(Laurel Deedrick-Mayne sent me a copy to review)
Annie, Robert, and William--the trio of twenty-somethings meet the way people do. Robert meets William in music school. Robert meets Annie and then introduces her to William. They bond by going to movies at the Dreamland theatre. Through the horrors of war and self-discovery, they remain close. A well-crafted multi-layered character, William is clearly the star of the book.
Interview with the author
How/why did you start writing?
I have been writing in one form or another most of my life. My family, going back many generations on both sides, were terrific correspondents. My maternal grandfather was a broadcaster and journalist. My father, his family: mother and aunts especially, were letter writers and yarn spinners with a particular penchant for poetry. By that I mean they would conjure all the mundane reportage of the day into fantastic verse. My parents wrote those crazy family Christmas newsletters and we kids were raised to have thank-you notes written by the end of Boxing Day. Whenever possible I turned school assignments into creative writing projects.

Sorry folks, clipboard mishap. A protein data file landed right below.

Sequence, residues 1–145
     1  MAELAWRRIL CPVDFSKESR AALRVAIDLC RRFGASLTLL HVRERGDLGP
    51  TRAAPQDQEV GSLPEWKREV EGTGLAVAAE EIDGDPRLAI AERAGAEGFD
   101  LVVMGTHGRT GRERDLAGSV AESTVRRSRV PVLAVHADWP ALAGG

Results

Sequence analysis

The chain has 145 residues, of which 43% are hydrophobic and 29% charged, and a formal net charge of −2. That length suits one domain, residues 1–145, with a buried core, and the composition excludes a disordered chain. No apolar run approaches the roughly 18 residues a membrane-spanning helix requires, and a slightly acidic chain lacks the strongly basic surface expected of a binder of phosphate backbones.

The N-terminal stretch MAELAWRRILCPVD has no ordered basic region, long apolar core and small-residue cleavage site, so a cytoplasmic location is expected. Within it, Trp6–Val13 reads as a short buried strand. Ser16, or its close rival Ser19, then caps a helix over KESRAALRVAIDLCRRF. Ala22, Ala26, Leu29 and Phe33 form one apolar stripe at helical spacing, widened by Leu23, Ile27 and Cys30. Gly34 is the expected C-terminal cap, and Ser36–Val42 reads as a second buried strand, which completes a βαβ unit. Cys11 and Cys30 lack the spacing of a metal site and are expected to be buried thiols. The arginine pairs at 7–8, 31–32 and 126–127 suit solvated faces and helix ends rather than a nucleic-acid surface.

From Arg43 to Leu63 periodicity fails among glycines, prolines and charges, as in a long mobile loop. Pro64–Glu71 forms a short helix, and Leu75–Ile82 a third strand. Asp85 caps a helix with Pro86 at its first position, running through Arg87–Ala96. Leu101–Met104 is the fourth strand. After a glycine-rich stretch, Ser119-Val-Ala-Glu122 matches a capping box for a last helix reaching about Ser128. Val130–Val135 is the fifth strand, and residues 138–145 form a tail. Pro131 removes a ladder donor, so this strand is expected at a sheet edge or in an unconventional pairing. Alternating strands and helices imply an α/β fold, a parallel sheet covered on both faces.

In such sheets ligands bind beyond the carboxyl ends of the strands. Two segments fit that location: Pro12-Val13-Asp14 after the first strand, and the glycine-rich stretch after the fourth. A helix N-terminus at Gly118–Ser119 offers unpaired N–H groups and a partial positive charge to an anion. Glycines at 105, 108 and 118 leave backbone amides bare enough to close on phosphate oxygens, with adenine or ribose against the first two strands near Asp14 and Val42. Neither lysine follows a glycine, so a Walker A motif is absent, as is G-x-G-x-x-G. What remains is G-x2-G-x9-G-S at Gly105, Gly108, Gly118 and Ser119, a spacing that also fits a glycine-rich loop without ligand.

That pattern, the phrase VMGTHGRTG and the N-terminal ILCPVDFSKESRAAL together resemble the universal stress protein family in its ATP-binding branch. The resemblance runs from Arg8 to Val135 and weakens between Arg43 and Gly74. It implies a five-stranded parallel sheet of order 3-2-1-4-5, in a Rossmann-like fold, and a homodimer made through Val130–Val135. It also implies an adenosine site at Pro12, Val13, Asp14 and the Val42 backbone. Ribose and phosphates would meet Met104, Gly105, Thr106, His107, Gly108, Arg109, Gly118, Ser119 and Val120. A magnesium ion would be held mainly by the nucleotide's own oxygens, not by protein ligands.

What was your first published piece?
Where was it published?
What inspires you?
Why did you choose to self-publish? What are the benefits and challenges?
Reflect on your writing process
Are you working on another book (my fingers are crossed)?
Why did you choose to set your book in the years before, during and after World War II?
When I first started writing A Wake For The Dreamland, I knew nothing about the second world war. Not really. Not much. My dad had been in the RCAF but not overseas. I’d only been to one war movie, and only because I had to — social studies class went to see Bridge on the River Kwai. In fact, I consciously chose NOT to see war movies. And I’d certainly never read any war fiction. I thought it would break my heart. Writing the book nearly did. But I don’t regret a single step of the journey.
Words of advice for the yet-to-be-published
Are you writing a historical fiction novel? I just found this helpful article: Three Ways to Make the Historical Real by Katia Raina
Sunday, March 31 at approximately 5 PM PST
I recently penned a short poem about the transition from winter to spring--Let the Sunshine in.